Tropical disturbance in Caribbean has the attention of gulf coast residents
ORANGE BEACH, Ala. (WALA) - A disturbance in the southeast Caribbean is already drawing the attention of a lot of folks here on the gulf coast. We’ve just passed the two-year anniversary of Hurricane Sally and many coastal spots are just recovering from that damage.
One of those spots is Zeke’s Marina in Orange Beach. The marina reopened a year ago, but the restaurant just had a soft opening Tuesday, September 20, 2022. The entire property was a complete rebuild after Hurricane Sally.
When folks come to the new restaurant, they will see some reminders of that terrible night. The centerpiece in the dining room is a giant photograph of Zeke’s fleet…the calm before the storm…taken the night of September 15th, 2020, just before Sally’s landfall. It’s been a two-year process and the new construction will hold up much better to violent storms.
“We built to much higher standards that we were required to, both on the docks and within the structure of the building,” said Zeke’s owner, Lynn Swafford.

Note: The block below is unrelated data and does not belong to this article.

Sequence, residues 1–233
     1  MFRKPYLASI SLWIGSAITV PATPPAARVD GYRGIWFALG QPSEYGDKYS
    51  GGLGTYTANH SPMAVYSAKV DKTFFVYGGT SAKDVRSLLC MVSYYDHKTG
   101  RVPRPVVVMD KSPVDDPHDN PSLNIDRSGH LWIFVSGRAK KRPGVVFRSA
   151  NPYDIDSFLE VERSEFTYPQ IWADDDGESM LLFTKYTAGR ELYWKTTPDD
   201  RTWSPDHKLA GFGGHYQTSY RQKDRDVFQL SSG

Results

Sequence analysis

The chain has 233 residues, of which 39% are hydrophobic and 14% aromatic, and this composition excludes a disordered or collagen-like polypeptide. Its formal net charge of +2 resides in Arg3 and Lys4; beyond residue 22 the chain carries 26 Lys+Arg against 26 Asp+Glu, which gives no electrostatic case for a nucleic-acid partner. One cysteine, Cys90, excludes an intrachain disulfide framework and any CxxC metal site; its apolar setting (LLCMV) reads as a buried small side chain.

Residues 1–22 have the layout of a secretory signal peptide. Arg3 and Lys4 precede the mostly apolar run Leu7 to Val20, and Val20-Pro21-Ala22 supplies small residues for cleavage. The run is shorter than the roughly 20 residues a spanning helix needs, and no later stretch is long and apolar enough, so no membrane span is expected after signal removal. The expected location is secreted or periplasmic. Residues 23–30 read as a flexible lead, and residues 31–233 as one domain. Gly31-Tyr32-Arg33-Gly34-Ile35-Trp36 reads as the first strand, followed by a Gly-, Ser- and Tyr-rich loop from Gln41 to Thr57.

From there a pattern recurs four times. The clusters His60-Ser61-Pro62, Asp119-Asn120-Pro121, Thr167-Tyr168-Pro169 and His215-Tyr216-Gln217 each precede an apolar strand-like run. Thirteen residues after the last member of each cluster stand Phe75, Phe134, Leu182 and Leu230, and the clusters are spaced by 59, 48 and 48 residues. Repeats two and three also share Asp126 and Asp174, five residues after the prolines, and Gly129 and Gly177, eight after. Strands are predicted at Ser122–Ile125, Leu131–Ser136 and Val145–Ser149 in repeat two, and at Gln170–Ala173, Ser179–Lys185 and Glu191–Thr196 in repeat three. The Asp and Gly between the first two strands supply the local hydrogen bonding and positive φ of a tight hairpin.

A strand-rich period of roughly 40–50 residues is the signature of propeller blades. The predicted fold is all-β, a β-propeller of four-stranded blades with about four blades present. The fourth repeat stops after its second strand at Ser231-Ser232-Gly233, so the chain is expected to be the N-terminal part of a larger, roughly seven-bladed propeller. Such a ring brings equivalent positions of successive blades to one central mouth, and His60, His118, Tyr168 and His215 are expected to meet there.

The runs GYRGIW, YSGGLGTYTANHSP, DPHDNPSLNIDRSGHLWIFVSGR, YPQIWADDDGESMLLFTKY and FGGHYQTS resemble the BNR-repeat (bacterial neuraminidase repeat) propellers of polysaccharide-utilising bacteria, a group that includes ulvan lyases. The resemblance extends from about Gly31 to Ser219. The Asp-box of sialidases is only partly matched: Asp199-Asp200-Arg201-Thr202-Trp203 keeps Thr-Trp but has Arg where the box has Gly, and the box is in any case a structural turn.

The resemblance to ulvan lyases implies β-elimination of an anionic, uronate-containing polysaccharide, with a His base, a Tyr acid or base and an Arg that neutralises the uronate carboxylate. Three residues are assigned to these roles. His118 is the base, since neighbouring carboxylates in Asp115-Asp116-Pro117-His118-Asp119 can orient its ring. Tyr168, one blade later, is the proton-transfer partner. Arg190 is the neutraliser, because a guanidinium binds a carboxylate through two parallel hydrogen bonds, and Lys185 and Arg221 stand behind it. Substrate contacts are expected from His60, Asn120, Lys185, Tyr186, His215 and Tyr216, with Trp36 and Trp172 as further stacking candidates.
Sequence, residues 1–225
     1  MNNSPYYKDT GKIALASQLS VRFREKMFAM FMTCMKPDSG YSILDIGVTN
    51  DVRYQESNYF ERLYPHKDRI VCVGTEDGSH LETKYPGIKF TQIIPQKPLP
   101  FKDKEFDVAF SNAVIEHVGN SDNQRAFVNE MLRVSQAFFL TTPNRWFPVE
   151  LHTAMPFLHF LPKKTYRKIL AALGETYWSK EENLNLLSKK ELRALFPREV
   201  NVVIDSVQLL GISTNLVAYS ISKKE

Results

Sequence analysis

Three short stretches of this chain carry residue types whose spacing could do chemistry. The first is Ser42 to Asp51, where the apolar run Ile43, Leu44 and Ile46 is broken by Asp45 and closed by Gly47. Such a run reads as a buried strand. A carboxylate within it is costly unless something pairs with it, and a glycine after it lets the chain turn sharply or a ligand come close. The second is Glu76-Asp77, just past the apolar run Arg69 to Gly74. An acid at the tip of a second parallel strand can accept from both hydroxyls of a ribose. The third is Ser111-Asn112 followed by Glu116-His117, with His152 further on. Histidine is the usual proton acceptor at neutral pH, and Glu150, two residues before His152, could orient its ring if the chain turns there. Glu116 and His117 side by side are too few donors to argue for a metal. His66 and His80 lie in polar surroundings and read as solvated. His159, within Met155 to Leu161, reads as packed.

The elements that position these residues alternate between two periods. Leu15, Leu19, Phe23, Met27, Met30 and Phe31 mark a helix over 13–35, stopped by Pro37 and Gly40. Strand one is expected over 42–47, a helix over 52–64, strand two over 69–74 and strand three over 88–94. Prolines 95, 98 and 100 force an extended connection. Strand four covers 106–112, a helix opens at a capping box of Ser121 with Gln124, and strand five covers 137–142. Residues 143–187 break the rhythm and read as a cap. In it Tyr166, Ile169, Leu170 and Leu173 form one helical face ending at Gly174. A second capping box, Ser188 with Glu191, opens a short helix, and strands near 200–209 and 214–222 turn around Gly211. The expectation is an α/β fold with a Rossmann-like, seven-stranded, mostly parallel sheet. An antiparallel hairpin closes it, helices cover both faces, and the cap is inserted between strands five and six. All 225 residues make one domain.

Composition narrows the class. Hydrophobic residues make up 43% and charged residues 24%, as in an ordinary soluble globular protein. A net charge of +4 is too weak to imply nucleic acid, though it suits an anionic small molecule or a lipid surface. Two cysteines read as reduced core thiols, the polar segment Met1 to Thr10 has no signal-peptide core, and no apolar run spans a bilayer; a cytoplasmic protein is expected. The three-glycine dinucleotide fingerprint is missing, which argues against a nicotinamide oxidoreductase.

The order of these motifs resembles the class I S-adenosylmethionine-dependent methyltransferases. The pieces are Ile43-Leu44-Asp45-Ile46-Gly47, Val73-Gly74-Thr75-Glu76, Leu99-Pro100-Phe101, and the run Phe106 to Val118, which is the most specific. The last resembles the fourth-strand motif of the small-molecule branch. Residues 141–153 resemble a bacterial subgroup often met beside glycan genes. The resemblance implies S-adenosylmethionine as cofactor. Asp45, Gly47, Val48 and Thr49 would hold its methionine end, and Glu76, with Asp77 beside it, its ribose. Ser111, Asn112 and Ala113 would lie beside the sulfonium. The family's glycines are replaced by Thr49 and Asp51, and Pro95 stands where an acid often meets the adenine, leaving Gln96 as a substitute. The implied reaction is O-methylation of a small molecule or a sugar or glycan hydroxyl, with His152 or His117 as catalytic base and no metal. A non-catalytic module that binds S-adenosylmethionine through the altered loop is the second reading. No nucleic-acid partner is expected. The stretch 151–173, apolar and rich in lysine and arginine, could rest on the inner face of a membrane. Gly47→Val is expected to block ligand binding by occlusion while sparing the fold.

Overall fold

Even with that renewed confidence, Swafford said she’s very aware of what’s going on int the tropics, especially where Invest 98 is concerned.
“I’m not frightened. I actually feel more prepared than I was going into Hurricane Sally,” said Swafford. “Of course, we didn’t expect what we got then, but I’m just taking inventory and making sure that all my making sure that all my plans are in place and we will be ready.”
Much of the gulf coast still hasn’t recovered completely from Sally. It’s very evident by the lack of progress on rebuilding the Gulf State Park Pier. As we enter the heart of hurricane season EMA officials want folks to stay aware and informed. EMA Director, Zach Hood said the disturbance in the Caribbean isn’t cause for alarm but a reminder to stay vigilant.
“Until there’s a center point, we don’t know exactly what this will do, so we’re waiting for this to develop, if it develops and once it develops, then we will be ready to begin our decision matrix based on what happens from there,” Hood explained.
Along Alabama’s beaches, it was business as usual on the first day of fall. Locals were enjoying the day but were also aware and on guard for what the next ten days may bring.
“We was hoping that we’re going to get through this but as you see, right now of course we’ll keep an eye on that because it’s next week, the middle of the week and you never know what’s going to happen,” Gulf Shores resident, Liza Tanasoglo said.
The message from Baldwin County EMA is for residents to be ready. Right now, and through the weekend would be a good time to check up on all your hurricane preparedness essentials.
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